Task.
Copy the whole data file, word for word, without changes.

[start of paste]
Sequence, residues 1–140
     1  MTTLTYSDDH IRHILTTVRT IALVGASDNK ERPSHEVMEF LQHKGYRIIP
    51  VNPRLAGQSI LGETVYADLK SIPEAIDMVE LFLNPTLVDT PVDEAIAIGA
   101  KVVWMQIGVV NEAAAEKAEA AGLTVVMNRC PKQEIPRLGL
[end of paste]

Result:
Sequence, residues 1–140
     1  MTTLTYSDDH IRHILTTVRT IALVGASDNK ERPSHEVMEF LQHKGYRIIP
    51  VNPRLAGQSI LGETVYADLK SIPEAIDMVE LFLNPTLVDT PVDEAIAIGA
   101  KVVWMQIGVV NEAAAEKAEA AGLTVVMNRC PKQEIPRLGL